The center part of a Candy Floss making machine consists of a small bowl into which sugar is poured and a food colouring powder added.
An electrical heating element near the rim heats this mixture to between 160 and 186 degrees centigrade (which is the melting point of sugar), and it is then spun out through myriad tiny holes where it solidifies in the air and is caught around the outside of the metal bowl. The operator twirls a stick or a cone (or the more experienced ones use their hands) around the rim of the large catching bowl and picks up the candy floss.
Because candy floss consists of mostly air , servings are large. A typical candy floss will be a little bigger than an adult's head.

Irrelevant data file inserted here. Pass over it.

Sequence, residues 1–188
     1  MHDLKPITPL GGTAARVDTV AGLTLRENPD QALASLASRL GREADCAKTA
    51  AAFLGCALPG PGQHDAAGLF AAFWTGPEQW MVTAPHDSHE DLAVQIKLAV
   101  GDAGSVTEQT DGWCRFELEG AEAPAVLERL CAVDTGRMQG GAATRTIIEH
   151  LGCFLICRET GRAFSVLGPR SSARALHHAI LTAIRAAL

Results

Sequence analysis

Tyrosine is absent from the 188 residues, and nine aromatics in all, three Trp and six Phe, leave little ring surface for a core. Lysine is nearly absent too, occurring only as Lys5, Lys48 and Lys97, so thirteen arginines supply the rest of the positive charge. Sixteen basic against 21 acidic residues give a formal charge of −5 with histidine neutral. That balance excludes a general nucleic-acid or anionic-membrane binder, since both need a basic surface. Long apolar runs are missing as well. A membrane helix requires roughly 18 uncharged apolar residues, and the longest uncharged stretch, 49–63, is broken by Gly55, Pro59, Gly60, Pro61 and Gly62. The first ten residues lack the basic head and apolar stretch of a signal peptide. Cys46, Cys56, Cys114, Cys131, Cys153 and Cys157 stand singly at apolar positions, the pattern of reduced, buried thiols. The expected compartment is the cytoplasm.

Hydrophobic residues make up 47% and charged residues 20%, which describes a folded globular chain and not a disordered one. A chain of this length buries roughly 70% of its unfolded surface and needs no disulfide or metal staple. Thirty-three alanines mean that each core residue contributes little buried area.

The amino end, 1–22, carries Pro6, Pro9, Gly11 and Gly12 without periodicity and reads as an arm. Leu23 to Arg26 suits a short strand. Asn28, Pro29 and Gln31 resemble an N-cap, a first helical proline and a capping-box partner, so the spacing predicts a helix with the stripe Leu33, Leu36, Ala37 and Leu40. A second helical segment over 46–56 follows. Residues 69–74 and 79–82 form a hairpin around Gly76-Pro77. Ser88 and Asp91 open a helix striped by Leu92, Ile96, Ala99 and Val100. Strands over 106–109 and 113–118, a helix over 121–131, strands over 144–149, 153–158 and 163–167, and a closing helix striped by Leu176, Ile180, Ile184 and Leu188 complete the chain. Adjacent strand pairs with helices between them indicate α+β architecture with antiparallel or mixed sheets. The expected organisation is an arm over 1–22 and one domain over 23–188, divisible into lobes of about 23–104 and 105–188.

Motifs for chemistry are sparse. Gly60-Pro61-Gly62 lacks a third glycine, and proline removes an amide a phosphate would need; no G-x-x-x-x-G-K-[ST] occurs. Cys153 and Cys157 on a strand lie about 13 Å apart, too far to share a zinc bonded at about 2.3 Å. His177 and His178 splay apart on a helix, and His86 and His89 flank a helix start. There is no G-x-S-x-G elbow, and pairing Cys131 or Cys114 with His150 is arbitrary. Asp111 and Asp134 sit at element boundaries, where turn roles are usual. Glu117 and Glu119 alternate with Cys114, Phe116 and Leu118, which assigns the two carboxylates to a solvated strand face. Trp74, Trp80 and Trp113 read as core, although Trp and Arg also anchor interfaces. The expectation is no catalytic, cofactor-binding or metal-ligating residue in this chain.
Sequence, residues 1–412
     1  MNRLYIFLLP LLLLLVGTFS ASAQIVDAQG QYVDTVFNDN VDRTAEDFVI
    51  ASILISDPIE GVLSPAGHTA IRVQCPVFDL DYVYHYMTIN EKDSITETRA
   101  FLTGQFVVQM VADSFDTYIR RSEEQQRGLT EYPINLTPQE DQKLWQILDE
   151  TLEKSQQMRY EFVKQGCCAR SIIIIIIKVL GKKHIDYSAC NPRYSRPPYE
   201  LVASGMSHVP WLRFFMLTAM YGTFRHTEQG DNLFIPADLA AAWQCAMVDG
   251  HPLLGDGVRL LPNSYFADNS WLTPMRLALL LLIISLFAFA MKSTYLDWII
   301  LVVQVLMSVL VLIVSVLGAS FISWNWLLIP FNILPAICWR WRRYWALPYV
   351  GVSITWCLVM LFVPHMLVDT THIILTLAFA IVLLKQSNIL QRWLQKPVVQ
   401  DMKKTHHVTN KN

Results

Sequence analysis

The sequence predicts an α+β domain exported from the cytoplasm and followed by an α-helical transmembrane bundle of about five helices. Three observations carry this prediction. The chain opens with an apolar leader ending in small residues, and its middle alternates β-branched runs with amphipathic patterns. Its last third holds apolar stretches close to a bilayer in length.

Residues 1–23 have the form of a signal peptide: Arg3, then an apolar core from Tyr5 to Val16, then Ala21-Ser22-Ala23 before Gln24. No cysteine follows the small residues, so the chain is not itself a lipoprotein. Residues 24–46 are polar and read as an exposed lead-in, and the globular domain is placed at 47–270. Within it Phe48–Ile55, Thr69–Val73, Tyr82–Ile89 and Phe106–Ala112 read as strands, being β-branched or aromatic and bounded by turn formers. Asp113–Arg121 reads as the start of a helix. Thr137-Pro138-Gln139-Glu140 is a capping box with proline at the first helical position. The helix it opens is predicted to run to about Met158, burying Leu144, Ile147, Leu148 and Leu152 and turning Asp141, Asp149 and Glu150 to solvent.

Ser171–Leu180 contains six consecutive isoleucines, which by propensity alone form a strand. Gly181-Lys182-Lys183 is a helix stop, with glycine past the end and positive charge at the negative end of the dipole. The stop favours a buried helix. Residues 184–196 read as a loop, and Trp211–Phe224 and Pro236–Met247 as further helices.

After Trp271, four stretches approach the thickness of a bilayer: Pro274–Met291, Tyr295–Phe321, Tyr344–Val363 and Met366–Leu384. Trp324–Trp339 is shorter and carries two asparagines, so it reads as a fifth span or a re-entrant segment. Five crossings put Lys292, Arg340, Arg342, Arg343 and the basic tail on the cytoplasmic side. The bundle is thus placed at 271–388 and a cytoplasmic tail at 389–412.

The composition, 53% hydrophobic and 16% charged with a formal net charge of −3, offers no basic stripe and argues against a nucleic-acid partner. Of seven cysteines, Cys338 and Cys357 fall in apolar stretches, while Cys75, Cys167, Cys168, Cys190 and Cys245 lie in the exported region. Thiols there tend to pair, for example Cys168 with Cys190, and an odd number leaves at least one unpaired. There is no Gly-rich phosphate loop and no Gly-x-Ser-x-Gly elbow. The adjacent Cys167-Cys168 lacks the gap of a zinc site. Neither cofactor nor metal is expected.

Many people consider eating candy floss and toffee apples as part of the quintessential experience of a visit to a fairground or circus. The most popular colour of candy floss is pink, altough many colours are available. Eating candy floss is only part of the attraction however, watching it being made often fascinates children and adults alike. It is sweet and sticky, and though it feels like wool to the touch it readily melts in the mouth. It does not have much of an aroma although the machine itself has a cooked sugar smell when in operation. Candy Floss is soft when dry, but when it mingles with saliva it becomes sticky.
Candy Floss was introduced to the world at the St. Louis World fair as "Fairy Floss" with great success (selling 68,655 boxes at the then high price of $.25 - half the cost of admission to the St. Louis World's Fair itself.)